About this Research Topic
During nervous system development, neuronal progenitors divide, specify, and differentiate to give rise to a great variety of cell types. The generation of diverse brain structures relies to a great extent on region- and time-specific mechanisms of neurogenesis, cell type specification and differentiation, which in many cases differ throughout evolution.
Many studies have been focused on the molecular mechanisms of neuronal specification and terminal differentiation. However, our understanding of the mechanisms of neurogenesis has been mainly focused on the pallium (prospective cerebral cortex in mammals). Likewise, most of our knowledge about how neurogenesis occurs and is regulated, comes from a handful of vertebrate model organisms. To grasp how distinct nervous systems form and how they have evolved, we first need to understand the variety of strategies used to generate neurons (and glial cells).
In this Research Topic, we will welcome Original research, General Commentary, or Review articles on mechanisms of neurogenesis, neuronal specification and terminal differentiation in different nervous system regions, from early development to senescence and adulthood, in classical and unconventional vertebrate and invertebrate model organisms, as well as in vitro models.
1. Authors can explore mechanisms of cell division of neural progenitors and core regulatory complexes involved in neuronal/glial specification and differentiation.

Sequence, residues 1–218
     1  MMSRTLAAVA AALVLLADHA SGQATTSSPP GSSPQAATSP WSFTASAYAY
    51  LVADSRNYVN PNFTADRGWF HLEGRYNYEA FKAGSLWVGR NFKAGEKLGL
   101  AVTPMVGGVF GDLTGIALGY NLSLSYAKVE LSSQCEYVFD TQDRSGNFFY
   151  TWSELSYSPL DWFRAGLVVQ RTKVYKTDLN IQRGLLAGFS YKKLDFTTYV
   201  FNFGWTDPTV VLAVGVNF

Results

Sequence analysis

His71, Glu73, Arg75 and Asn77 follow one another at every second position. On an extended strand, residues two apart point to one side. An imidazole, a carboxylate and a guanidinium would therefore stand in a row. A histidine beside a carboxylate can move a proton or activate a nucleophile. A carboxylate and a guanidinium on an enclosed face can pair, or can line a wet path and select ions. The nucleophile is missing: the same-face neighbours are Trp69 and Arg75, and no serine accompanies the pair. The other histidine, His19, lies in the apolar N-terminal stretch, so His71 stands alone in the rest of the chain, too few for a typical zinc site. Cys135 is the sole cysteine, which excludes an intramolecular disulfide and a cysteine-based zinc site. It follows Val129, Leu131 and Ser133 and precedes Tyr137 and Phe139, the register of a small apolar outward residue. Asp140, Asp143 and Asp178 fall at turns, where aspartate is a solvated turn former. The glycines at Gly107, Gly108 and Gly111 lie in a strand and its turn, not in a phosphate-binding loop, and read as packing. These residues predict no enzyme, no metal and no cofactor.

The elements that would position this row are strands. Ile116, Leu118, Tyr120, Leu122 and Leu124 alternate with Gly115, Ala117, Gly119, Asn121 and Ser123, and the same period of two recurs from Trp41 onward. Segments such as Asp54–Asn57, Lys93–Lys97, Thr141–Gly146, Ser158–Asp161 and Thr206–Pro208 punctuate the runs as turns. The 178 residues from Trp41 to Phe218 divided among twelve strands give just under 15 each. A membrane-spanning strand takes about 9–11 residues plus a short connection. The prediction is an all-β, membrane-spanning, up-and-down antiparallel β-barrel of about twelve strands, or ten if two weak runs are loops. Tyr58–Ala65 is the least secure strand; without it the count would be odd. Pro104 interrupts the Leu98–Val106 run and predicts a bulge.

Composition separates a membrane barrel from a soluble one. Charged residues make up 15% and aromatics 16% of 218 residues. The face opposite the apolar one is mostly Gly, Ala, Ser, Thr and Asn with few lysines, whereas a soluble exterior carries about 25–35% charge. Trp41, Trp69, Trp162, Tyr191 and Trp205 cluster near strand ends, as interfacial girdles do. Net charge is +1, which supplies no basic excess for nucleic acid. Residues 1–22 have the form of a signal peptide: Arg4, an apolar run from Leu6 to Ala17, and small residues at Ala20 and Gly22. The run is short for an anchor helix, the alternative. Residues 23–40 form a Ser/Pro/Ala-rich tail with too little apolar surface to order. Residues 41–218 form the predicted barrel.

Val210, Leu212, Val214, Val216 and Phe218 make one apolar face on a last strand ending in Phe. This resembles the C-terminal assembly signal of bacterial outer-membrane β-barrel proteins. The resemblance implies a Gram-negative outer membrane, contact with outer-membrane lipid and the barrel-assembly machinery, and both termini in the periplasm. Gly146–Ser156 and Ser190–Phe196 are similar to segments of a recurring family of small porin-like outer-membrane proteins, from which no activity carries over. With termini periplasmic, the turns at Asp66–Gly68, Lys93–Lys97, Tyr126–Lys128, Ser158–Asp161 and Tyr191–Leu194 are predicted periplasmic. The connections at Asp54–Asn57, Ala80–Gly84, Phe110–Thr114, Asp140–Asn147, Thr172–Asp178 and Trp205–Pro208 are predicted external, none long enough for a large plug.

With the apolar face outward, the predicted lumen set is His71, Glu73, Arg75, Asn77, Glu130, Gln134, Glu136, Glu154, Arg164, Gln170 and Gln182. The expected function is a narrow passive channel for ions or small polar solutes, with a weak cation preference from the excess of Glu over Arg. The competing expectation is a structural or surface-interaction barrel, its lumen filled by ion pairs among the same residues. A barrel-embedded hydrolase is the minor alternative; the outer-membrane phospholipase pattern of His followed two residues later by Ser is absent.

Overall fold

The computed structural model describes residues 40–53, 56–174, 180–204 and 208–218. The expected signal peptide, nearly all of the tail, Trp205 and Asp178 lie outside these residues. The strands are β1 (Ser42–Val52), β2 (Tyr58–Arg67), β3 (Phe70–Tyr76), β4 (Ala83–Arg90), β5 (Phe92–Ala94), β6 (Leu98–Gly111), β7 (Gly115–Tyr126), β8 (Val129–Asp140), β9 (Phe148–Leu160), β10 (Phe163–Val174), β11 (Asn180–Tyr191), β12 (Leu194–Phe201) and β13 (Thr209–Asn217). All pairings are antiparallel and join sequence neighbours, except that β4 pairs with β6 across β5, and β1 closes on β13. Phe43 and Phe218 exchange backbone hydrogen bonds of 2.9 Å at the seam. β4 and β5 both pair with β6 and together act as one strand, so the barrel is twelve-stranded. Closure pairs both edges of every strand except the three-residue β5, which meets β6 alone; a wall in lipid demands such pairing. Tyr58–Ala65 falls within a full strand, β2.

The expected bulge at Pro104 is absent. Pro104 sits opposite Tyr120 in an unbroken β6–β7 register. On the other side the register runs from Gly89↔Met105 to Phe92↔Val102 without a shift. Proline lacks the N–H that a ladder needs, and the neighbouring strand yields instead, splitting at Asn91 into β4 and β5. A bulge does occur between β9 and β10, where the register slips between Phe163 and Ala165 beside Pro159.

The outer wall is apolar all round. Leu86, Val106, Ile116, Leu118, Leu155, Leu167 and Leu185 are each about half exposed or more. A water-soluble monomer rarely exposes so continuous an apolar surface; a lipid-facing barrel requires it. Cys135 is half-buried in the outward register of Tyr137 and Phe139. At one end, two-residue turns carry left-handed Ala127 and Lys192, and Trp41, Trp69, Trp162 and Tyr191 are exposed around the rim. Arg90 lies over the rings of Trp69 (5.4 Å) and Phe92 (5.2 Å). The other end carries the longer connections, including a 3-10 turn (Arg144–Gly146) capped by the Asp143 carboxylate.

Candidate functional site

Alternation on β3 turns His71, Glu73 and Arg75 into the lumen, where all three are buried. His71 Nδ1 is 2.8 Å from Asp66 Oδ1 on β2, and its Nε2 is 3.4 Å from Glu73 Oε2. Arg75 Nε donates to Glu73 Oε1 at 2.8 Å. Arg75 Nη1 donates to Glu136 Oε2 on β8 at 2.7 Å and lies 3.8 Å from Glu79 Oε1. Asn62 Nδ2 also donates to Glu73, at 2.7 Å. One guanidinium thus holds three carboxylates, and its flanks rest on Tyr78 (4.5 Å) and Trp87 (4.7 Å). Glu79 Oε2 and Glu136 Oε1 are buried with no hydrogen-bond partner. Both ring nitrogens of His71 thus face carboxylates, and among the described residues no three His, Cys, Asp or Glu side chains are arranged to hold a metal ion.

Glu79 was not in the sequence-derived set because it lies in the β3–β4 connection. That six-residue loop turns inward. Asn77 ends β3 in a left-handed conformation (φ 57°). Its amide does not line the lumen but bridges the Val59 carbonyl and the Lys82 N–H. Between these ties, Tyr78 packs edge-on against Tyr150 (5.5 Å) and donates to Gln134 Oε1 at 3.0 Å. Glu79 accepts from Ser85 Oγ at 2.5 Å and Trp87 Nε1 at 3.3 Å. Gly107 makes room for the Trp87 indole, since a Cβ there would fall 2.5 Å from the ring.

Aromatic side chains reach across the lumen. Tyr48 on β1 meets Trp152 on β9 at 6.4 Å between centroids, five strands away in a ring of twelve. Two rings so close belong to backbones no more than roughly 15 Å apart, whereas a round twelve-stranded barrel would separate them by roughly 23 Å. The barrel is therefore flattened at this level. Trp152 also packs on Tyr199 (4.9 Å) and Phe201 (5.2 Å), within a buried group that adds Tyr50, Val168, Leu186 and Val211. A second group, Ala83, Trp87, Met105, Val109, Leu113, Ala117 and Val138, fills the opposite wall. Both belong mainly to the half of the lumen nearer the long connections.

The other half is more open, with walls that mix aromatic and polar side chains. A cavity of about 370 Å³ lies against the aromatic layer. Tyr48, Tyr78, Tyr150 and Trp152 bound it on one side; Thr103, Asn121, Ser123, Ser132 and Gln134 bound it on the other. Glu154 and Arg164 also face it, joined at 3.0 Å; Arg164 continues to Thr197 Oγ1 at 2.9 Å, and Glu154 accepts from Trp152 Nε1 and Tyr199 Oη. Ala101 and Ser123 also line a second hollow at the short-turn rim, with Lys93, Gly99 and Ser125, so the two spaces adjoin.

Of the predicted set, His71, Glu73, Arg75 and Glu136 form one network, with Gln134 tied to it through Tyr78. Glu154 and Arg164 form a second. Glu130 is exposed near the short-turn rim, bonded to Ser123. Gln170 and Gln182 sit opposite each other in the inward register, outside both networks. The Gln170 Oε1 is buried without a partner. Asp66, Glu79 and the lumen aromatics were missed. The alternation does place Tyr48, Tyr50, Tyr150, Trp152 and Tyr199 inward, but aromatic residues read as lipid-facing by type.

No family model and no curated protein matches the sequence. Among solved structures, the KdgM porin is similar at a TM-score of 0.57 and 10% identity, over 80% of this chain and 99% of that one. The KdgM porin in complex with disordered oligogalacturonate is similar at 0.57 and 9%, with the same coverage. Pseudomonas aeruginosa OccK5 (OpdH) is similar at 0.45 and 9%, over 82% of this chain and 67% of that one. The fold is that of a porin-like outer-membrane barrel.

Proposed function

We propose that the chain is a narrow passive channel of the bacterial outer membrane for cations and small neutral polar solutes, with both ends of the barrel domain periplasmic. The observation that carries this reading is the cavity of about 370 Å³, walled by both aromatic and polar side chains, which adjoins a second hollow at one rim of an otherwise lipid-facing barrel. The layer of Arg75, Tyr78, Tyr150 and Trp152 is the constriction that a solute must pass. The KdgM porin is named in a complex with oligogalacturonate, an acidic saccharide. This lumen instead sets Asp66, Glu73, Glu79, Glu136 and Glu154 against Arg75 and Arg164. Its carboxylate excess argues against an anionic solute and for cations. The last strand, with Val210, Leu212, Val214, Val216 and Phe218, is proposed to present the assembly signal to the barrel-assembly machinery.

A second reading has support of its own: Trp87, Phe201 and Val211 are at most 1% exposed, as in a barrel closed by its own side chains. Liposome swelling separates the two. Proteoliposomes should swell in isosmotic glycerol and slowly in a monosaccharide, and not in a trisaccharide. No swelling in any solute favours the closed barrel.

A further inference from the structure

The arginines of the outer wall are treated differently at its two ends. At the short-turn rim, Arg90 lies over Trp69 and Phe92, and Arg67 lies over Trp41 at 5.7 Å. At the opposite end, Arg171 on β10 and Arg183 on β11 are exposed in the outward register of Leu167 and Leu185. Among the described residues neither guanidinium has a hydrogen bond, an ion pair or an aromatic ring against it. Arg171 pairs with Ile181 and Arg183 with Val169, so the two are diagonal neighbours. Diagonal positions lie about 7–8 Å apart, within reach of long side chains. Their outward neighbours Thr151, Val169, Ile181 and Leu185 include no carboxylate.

2. Articles addressing how neurons become organized into functional structures by changes in cell shape and cell migration, how neural tissue growth is regulated, how the nervous system repair after injury or how impaired neurogenesis relates to neurodevelopmental or neurodegenerative disorders, will be also considered.
3. Articles can be focused on specific nervous system divisions on their derived regions or cell layers, specific developmental periods or species.
4. Articles focused on species, brain regions or contexts comparisons (i.e. development versus adult and aging brain, direct versus indirect neurogenesis, constitutive versus regenerative neurogenesis, constitutive versus induced neurogenesis) are particularly welcome.
Keywords: Neurogenesis, Neuronal Differentiation, Brain evolution, Nervous systems evolution, Regeneration
Important Note: All contributions to this Research Topic must be within the scope of the section and journal to which they are submitted, as defined in their mission statements. Frontiers reserves the right to guide an out-of-scope manuscript to a more suitable section or journal at any stage of peer review.